On a recent trip to the park, I was reminded of the staggering gaps in race and class when it comes to mothering. The park was full of moms—mostly white—with coolers chock full of snacks, toys, screaming, barefoot kids, and Benz SUVs. This world felt foreign to me and about as inviting as a new, awkward kid’s first day of school.
Of the many moms out that day, I was the only Black mother, or parent, for that matter. As I listened to a group of moms discuss plans for their next playgroup and Mom’s Night Out activity, I wondered, where are all the black moms and playgroups for people that look like me?
I hit the net searching for information. First I did searches for African-American moms, mothering, and working moms and playgroups. After punching in a myriad of search terms dealing with mothering, I came up empty handed. Most resources for African-American moms either dealt with stay at home moms, or poverty and African-American moms, none of which answered the questions I had in my head.
Despite the lack of internet resources, I know I’m not alone. My situation is hardly unique. I’m an educated, working mother, who is solo parenting a rambunctious two-year-old son. There are millions of women like me, yet no one seems give a damn. An article on the National Organization of Women website discussed the media’s virtual ousting of mothers of color. It states,
If you read major newspapers and news magazines or watch network news broadcasts, you may have the impression that all mothers are white, married, college-educated and have (or have abandoned) careers in high-profile professions such as law, medicine, broadcast news or finance.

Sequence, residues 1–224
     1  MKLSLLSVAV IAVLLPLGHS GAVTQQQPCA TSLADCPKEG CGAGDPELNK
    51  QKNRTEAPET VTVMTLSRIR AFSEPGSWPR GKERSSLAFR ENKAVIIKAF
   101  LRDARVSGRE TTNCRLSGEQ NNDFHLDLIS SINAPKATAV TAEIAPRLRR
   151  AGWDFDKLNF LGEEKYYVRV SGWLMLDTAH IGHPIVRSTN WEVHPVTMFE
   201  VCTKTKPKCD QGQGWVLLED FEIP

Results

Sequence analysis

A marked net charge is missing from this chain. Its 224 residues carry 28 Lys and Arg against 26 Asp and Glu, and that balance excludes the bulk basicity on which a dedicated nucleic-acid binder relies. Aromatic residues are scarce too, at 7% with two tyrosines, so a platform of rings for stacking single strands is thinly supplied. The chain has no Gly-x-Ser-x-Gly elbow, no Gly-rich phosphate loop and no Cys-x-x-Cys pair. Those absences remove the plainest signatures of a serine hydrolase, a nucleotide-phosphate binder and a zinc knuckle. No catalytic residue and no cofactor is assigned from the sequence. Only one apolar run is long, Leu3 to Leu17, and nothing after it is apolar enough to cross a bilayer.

And although they are poorly represented in media reporting on working mothers, African-American mothers have a higher rate of working outside the home than any other demographic. Married African-American mothers with children under 18 have higher rates of workforce participation than other married mothers (82 percent compared to 71 percent of white moms, 66 percent of Asian moms and 62 percent of Latina moms, according to the U.S. Census Bureau.
So where are the real representations of moms that live outside of what society deems as the norm? Are we left to fend for ourselves, and continue to feel like outsiders on playgrounds across America? Something has got to change.
We need a place, a resource where both working and stay at home moms (married or single) can come together and share, commune, and find answers together. I have to yet to find that place, so maybe I should stop looking, and create one.